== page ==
Certain distributors and retailers generally have the right to return product for stock rotation purposes. Upon shipment of the product, the Company reduces revenue for an estimate of potential future product warranty and stock rotation returns related to the current period product revenue. Management analyzes historical returns, channel inventory levels, current economic trends and changes in customer demand for the Company’s products when evaluating the adequacy of the allowance for sales returns, namely warranty and stock rotation returns. Revenue on shipments is also reduced for estimated price protection and sales incentives deemed to be contra-revenue under the authoritative guidance for revenue recognition.

Sales incentives

The Company accrues for sales incentives as a marketing expense if it receives an identifiable benefit in exchange and can reasonably estimate the fair value of the identifiable benefit received; otherwise, it is recorded as a reduction to revenues. As a consequence, the Company records a substantial portion of its channel marketing costs as a reduction of revenue.

The Company records estimated reductions to revenues for sales incentives at the later of when the related revenue is recognized or when the program is offered to the customer or end consumer.

Shipping and handling fees and costs

The Company includes shipping and handling fees billed to customers in net revenue. Shipping and handling costs associated with inbound freight are included in cost of revenue. In cases where the Company gives a freight allowance to the customer for their own inbound freight costs, such costs are appropriately recorded as a reduction in net revenue. Shipping and handling costs associated with outbound freight are included in sales and marketing expenses and totaled $13.9 million, $11.4 million and $11.0 million in the years ended December 31, 2011, 2010 and 2009 respectively.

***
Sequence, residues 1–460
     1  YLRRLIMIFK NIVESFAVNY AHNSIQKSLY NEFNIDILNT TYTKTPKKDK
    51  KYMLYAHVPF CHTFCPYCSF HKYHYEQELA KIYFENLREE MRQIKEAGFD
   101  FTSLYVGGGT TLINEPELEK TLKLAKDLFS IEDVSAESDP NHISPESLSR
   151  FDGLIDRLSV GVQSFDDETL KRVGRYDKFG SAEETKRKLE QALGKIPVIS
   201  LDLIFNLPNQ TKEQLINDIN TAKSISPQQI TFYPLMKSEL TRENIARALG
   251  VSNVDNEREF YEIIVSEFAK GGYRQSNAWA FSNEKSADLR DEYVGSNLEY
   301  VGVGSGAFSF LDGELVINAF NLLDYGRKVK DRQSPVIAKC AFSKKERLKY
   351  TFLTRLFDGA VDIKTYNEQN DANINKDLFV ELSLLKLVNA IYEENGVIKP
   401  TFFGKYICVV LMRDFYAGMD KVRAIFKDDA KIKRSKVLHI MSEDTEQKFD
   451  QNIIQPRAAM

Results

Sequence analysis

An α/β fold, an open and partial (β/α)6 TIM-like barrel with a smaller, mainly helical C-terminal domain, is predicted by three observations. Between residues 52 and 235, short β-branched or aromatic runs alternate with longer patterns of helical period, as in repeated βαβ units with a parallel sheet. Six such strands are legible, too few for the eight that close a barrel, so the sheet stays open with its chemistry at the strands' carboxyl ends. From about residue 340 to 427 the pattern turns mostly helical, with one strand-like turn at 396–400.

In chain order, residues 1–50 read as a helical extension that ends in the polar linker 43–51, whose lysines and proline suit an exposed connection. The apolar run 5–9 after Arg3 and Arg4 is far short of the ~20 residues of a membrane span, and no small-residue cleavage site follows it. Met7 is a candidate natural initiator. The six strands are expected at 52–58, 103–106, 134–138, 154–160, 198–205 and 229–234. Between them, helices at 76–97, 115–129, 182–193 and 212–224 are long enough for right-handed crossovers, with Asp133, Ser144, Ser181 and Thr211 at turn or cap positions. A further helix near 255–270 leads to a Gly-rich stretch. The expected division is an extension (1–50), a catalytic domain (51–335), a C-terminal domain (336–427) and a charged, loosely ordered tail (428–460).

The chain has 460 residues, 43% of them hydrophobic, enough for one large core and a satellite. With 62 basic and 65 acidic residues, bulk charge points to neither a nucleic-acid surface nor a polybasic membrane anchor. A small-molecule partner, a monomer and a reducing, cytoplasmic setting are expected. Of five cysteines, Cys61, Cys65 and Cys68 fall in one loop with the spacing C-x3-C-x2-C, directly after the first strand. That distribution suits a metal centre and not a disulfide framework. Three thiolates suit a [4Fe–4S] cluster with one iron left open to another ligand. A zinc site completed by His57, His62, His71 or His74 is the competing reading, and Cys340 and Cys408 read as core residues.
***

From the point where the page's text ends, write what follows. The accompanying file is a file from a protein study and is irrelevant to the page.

Research and development

Costs incurred in the research and development of new products are charged to expense as incurred.

Technology license arrangements

The Company expenses the licensing of software technologies intended to be integrated into certain future products if those products have not yet reached technological feasibility and the licensed software does not have alternative future use.

 

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The Company did not incur any expenses related to technology license arrangements in the years ended December 31, 2011 and 2010.

During the year ended December 31, 2009, the Company entered into a $2.5 million arrangement to license certain software technologies that the Company may integrate into certain future products. At that time, the Company had not yet established the technological feasibility of these products, and the Company did not believe the software had an alternative future use. As such, the Company expensed the entire technology license arrangement amount of $2.5 million in the year ended December 31, 2009.